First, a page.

Alcohol and coronary heart disease


Marmot, MG; (2001) Alcohol and coronary heart disease. Int J Epidemiol, 30 (4). pp. 724-9. ISSN 0300-5771

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Abstract

The data on two questions are reviewed: does heavy alcohol intake increase the risk of coronary heart disease (CHD)? And, is moderate intake protective? Identified alcoholics and problem drinkers have an increased risk of CHD, and in Britain there is a correlation among 22 towns, between the proportion of heavy drinkers in a town and CHD mortality. Of seven longitudinal studies reviewed, one shows heavy drinkers to have an increased CHD incidence. An inverse association between alcohol consumption and CHD mortality is seen in international comparisons and in time trends in the USA. Of six case-control studies reviewed from England and the USA, all show an inverse association between CHD and alcohol consumption which persists after control for other risk factors. Longitudinal studies, in Japanese-Americans, white American men and women, British civil servants, Puerto Ricans, Yugoslavs and Australians, all show moderate drinkers to have a lower CHD risk than abstainers. Abstainers are likely to differ from moderate drinkers in a number of ways. To date it has not proved possible to show that any of these differences account for the higher CHD risk of abstainers. The apparent protective effect is not large (RR = 0.5) but the consistency of the association and the existence of plausible mechanisms increase the likelihood that the negative association is causal. However, if alcohol intake were to increase in the population the social and medical consequences would be large. An increased intake is therefore not recommended as a community measure for CHD prevention.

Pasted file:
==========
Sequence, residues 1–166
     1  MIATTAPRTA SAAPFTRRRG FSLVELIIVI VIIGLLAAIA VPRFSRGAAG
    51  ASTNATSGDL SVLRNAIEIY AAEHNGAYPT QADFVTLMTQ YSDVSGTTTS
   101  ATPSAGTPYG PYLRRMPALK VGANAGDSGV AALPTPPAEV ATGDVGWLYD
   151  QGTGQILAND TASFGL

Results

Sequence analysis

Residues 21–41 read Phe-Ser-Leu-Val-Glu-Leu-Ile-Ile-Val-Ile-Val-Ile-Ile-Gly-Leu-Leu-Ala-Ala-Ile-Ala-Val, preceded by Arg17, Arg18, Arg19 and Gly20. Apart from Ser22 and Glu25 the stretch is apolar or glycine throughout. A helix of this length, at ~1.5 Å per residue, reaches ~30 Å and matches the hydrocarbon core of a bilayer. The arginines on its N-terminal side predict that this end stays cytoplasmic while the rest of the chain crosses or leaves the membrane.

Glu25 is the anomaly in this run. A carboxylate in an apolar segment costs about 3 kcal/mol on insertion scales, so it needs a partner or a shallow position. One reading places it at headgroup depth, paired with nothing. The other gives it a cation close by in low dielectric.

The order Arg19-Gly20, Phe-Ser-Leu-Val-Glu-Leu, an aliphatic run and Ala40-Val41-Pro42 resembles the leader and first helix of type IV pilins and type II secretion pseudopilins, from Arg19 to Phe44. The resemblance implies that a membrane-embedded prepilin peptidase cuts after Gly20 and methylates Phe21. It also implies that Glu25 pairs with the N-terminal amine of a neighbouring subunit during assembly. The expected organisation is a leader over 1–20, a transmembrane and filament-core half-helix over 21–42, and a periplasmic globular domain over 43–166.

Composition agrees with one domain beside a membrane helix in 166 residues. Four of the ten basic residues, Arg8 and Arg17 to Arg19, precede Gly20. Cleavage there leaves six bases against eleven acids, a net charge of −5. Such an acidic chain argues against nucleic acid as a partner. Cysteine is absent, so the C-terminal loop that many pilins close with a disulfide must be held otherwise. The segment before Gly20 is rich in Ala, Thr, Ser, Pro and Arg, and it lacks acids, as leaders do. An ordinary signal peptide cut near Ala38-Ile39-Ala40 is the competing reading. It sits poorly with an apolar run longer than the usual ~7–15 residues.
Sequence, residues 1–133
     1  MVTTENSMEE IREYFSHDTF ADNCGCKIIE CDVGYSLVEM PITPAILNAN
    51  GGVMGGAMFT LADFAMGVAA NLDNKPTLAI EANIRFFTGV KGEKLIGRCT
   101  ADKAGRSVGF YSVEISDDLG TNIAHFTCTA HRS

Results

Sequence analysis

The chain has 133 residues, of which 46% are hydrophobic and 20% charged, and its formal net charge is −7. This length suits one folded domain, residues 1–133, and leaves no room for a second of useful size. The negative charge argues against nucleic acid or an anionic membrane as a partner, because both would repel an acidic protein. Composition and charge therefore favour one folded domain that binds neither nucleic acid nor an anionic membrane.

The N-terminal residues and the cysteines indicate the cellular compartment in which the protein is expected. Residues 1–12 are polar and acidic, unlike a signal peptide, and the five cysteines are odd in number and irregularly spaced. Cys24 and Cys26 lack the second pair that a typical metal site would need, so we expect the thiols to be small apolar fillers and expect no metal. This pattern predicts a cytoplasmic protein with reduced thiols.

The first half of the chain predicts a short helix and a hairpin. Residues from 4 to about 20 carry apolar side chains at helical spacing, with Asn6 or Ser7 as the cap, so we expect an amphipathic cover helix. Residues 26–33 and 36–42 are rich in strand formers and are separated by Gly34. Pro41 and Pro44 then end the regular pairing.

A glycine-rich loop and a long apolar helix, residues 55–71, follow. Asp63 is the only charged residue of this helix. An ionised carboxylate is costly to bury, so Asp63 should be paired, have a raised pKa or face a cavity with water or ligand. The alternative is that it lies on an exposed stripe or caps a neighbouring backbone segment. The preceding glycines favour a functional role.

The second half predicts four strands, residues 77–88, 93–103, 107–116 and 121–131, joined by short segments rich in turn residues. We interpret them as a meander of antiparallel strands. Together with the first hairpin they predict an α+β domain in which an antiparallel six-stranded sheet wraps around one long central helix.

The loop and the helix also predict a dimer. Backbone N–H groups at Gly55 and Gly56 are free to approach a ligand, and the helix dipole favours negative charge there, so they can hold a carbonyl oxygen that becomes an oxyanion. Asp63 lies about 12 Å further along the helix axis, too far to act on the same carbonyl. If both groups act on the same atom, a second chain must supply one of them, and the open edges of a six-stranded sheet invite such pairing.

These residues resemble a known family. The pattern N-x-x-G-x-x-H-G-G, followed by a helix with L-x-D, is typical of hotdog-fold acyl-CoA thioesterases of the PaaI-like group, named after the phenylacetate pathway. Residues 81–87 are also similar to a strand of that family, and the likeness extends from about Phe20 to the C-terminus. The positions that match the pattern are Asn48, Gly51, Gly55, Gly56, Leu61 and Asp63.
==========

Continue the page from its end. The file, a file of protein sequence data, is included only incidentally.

Item Type: Article
PubMed ID: 11511592
URI: http://researchonline.lshtm.ac.uk/id/eprint/20339

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